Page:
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An elephant painting a picture in Chiang Mai, Thailand

An elephant painting a picture near Chiang Mai, Thailand

I have spoken briefly before about the whole elephant tourism thing in Thailand, but I could never really find the words to describe how I felt about it. Instead, I posted a black and white photo essay to try and portray the elephant camp experience. Is it right that elephants are being used for rides and shows for tourists? If elephant tourism didn’t exist, would the elephants therefore have no use and instead be critically endangered? I honestly have mixed feelings about the whole thing. The only thing I’m sure of is that I really didn’t enjoy my experience at the elephant camp that I visited near Chiang Mai in Northern Thailand. Elephants are beautiful creatures and they simply fascinate me. It felt demeaning to be riding on their backs and watching them perform tricks for me.

I took this photo near the end of the elephant show that I watched, as this very talented elephant named Suda finished painting her picture. I’m not sure how they trained her to do this, and I’m not sure I want to, but this does show how intelligent elephants are. Suda has to do this a couple of times a day and her paintings are up for sale after the show.

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14 Comments to “An elephant painting a picture in Chiang Mai, Thailand”

Hey Dean, absolutely agree, which is why I went to the Elephant Nature Park near Chiang Mai instead. No working, no riding, no tricks. Just time in the presence of these magnificent animals is what you get. Just enough tourism to support the ongoing efforts to support the herds, virutally all of whom were maltreated by former owners. I made a short video of the pictures I took at the Elephant Nature Park. You might be interested to see it at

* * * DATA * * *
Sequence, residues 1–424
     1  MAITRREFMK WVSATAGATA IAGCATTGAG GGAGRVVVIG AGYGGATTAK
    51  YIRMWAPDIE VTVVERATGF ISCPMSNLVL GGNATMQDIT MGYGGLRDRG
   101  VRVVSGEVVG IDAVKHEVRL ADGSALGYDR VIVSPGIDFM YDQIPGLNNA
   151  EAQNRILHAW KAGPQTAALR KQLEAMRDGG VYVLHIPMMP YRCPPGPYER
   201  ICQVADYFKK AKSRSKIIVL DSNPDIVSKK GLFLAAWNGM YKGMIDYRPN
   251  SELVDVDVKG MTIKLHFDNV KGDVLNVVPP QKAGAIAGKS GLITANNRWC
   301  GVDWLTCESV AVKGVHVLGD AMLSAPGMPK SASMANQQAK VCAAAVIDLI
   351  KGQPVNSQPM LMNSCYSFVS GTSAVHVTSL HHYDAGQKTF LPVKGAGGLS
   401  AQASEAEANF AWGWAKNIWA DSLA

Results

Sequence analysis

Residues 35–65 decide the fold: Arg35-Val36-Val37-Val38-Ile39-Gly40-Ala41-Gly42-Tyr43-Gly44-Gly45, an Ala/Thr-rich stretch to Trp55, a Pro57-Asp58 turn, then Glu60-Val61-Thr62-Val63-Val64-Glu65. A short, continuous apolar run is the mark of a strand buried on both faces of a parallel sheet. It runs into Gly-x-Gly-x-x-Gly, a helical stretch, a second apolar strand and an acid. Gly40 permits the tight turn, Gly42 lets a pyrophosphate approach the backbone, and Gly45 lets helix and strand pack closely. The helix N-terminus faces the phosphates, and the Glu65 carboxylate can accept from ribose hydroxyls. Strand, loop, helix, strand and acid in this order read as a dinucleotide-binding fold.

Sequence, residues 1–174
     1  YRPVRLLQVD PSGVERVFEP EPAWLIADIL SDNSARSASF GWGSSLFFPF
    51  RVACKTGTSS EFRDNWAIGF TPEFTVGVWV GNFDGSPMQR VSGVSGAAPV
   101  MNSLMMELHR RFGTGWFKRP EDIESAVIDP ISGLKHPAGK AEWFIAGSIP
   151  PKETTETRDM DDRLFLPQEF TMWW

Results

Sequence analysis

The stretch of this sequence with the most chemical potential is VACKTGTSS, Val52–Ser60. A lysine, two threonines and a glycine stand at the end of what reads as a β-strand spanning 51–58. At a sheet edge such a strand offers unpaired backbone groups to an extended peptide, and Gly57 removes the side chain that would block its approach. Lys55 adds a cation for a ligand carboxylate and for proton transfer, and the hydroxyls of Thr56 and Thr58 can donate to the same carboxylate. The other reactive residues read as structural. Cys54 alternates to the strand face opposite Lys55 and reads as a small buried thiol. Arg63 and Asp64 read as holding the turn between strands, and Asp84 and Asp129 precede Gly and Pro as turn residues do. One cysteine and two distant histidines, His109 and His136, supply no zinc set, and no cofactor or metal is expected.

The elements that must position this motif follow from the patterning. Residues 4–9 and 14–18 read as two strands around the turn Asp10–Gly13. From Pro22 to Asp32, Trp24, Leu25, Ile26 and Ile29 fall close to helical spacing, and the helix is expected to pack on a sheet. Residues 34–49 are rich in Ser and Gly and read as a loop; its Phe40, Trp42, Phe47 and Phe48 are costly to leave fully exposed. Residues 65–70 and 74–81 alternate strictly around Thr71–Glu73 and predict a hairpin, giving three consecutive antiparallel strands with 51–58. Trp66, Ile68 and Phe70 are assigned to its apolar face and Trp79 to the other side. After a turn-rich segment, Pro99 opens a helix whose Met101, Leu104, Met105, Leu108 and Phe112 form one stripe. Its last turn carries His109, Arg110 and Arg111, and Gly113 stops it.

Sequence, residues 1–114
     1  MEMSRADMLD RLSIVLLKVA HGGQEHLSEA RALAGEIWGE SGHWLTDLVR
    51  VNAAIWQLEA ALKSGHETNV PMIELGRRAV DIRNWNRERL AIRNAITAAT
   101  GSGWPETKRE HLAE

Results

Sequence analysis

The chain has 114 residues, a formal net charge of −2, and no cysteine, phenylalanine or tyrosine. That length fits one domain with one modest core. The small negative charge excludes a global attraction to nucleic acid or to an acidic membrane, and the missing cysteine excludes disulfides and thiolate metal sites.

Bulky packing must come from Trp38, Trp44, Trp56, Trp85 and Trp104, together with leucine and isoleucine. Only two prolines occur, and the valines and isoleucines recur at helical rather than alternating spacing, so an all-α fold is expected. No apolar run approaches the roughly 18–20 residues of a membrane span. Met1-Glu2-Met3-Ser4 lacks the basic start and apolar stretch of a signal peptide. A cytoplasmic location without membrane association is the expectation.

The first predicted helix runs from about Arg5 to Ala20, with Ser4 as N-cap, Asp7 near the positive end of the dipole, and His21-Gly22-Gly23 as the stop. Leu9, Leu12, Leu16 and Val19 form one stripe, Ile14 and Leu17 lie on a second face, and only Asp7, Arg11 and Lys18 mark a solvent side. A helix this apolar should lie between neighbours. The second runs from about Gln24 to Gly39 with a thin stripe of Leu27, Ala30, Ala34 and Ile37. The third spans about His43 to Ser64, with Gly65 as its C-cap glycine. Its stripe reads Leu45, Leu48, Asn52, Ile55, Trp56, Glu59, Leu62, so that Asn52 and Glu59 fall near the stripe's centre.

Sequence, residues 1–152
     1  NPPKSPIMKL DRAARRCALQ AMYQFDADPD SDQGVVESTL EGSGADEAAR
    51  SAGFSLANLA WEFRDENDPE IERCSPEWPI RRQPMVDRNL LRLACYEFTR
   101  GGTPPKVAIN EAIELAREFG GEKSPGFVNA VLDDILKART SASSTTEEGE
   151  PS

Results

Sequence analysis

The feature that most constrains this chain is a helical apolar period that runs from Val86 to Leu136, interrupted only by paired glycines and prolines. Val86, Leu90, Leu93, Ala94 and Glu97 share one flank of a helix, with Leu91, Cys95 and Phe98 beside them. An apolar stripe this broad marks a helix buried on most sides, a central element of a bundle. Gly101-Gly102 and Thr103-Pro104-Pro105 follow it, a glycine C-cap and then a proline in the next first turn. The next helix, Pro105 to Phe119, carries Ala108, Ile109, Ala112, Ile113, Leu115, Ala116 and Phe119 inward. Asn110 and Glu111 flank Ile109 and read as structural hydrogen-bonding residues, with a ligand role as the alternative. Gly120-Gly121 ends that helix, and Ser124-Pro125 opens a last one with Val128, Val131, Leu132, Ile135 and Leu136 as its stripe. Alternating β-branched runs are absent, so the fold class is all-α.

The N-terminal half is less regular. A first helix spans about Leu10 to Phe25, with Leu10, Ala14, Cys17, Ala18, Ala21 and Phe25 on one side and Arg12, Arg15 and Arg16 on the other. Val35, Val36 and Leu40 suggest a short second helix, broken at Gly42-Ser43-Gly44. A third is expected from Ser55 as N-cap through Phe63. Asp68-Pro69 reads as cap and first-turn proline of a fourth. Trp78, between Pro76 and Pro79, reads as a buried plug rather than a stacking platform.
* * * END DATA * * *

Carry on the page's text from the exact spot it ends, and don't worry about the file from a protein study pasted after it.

Hi Anne. I think I will have to check out this place next time I’m in Chiang Mai. It sounds much better.


I don’t agree of using the animal for a show whether it is for tourism or for educational purposes. It is just not right. Elephants should be on their natural habitat and not at the zoo or at the nature park.


    You’re right Kristy. They should be in their natural habitat along with most other animals. Unfortunately it’s just not that simple with humans hunting them and destroying their natural habitats.


I think animals are used or rather misused for ages. Horses and camels suffer the most, when they are forced to race and are violently hit by the jockeys.


    Hi Vinnie. Yes unfortunately there is a lot of animal cruelty in the world


[...] You may have heard stories about so-called “elephant graveyards,” where elephants go to die and leave remains near those of their relatives. While these have now been found to be a myth, appearing due to large die-offs happening suddenly in times of drought, it’s true that elephants show an inordinate amount of interest in the carcasses and bones of other elephants. Presented with a set of bones, elephants will become highly agitated and touch the bones repeatedly with their trunks, especially the dead animal’s tusks. Researchers speculate that this is because the tusks feel the same as they did in life, and touching is such an important aspect of elephant society. They are the only known animal outside of humans to take a particular interest in the bones of their species. Probably not what evolution intended.(Via: The Road to Anywhere) [...]


[...] name (it's simply "an" elephant, according to wiki), but I assume you want to hear either Suda, or, considering the theme of the crypti, Ruby [...]